A week of results!
Fixed a misconfigured spam filter that allowed an obvious spam message through to devel@. Oops.
Integrated the memfd server on the interguest branch. It's now all sandboxed, and optionally enabled with a command line argument to crosvm run. Not all that much to say here, but it's what took me most of the week!
Getting the sandbox working was a bit weird. When I tried to get it to log seccomp failures, it seemed to just disable the sandbox. I had to track them down with strace instead. Annoying. But the sandbox does work in normal operation.
I still haven't limited how much memory can be requested this way. I think implementing that would be relatively straightforward for another contributor, so I think I'll add it to the ideas list and see if a patch is forthcoming. Otherwise I'll do it myself.
I took my standalone virtio_wl test program, and integrated it into wlroots' allocate_shm_file function. This has the result that, when running under Sommelier, this patched wlroots will request shared memory from the host, rather than allocating it itself. Porting from the standalone test program was nice, because it meant that this all just worked, first try! (Once I got it to compile under Nixpkgs' or wlroots' strict compiler errors, at least.) This will allow that memory to be sent between VMs!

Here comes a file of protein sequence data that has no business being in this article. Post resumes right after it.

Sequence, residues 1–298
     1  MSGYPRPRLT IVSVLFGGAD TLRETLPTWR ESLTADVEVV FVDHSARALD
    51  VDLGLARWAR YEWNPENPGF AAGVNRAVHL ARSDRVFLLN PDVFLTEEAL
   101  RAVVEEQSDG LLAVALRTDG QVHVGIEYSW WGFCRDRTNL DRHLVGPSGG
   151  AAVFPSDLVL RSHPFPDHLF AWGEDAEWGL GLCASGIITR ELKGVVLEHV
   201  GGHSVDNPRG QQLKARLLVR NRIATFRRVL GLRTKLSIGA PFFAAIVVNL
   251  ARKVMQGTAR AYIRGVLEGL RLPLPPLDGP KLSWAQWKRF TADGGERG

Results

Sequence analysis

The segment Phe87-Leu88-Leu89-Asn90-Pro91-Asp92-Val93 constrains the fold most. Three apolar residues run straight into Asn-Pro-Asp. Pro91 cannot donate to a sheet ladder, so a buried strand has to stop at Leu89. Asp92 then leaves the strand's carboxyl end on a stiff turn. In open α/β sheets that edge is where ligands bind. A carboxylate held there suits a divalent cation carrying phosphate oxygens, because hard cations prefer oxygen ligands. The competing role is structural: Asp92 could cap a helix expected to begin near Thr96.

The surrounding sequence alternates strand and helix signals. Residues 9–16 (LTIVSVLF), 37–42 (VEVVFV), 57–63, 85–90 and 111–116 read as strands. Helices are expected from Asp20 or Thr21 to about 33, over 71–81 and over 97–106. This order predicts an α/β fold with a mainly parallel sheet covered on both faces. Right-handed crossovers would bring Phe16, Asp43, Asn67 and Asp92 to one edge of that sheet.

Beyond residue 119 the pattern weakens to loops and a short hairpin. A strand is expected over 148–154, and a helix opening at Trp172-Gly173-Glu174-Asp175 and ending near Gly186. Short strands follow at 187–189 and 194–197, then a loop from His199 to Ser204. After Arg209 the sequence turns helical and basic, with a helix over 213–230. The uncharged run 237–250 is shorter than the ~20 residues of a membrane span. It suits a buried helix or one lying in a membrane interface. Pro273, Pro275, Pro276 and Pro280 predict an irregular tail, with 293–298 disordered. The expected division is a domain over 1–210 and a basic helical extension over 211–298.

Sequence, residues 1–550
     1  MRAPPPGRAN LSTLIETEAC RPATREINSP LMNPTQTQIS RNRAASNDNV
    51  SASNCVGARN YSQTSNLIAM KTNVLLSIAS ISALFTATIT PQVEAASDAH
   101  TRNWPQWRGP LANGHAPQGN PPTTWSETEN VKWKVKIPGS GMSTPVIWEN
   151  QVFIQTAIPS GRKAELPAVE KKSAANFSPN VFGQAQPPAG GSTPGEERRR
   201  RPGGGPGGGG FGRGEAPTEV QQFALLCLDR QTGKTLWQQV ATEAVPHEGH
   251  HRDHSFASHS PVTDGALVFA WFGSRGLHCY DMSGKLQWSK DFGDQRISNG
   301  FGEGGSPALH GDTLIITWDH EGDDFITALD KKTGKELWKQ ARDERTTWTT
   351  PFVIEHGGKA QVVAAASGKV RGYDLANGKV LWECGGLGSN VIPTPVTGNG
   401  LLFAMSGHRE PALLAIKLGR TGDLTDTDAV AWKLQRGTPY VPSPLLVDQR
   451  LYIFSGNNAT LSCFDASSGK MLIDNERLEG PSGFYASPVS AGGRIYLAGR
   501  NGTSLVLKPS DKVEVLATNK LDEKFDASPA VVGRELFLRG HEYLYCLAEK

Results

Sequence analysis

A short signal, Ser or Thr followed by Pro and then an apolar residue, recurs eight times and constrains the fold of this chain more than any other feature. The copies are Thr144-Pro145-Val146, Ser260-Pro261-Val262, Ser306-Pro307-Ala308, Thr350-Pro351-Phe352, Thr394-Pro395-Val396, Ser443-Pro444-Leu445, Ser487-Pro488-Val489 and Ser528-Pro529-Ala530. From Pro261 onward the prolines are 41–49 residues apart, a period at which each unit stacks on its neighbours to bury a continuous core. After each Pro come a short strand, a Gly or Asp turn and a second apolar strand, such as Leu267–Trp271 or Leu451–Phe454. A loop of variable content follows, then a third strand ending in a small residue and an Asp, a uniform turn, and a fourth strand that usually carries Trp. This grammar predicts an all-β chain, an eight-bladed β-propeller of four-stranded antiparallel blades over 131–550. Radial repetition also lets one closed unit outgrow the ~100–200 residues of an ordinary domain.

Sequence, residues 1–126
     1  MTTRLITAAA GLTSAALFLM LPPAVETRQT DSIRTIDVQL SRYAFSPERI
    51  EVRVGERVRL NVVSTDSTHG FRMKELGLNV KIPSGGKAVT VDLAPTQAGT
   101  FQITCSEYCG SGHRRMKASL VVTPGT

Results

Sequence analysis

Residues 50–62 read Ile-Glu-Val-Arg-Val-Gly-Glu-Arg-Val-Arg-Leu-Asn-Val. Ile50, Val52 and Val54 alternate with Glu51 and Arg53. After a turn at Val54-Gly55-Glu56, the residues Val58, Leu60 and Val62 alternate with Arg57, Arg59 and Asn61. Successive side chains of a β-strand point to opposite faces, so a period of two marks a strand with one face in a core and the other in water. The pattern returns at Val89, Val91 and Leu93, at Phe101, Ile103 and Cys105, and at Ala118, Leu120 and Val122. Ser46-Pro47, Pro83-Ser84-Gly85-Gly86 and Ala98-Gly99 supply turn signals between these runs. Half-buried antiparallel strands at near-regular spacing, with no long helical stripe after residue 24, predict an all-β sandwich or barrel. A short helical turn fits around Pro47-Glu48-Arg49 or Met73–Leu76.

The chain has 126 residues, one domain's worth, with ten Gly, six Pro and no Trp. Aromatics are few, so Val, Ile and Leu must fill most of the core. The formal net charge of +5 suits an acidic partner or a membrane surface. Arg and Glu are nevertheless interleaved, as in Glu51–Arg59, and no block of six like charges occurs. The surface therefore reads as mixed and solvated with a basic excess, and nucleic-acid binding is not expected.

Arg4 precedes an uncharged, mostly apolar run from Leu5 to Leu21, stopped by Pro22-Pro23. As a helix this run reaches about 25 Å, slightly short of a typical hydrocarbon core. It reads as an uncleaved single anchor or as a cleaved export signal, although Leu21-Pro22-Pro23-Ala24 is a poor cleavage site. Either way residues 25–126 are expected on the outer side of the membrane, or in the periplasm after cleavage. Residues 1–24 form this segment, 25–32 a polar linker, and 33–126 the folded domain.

I haven't pushed the patch yet because I haven't integrated it into Spectrum's Nixpkgs yet. I plan to do that next week. I'm starting to think about moving the stuff specific to Spectrum VMs into an overlay, but I need to think a bit about how to structure that.
There's no sign of the expected Chromium OS release so far, so I backported support for multiple virtio_wl sockets from a more recent Chromium OS kernel to the one in Spectrum's Nixpkgs. We need this to be able to dedicate a named socket to the memfd server.
It's been another week where I've been very focused on one task. I'm quite excited about the direction this is all going. It's looking like we'll be able to do almost everything inside VMs, which means it might be possible to have a host kernel that does almost nothing apart from KVM and PCI passthrough?? This would mean we'd end up with a tiny Linux a little bit (but not all that much) like a microkernel, with most hardware interaction and all user programs running in VMs. Cool stuff! It's not clear to me yet the exact extent to which this is achievable, but it's a nice vision to keep in mind. It might also make it easier for us to transition to a true microkernel at some point in the future.
I'm hoping that I'll hit an NLnet milestone related to this stuff fairly soon. Until I do, I'm now living on the money I've received in the past six months through GitHub Sponsors. Thank you so much to everyone who is helping to make it possible for me to spend this time on the fundamentals so we have a good foundation to build Spectrum on. <3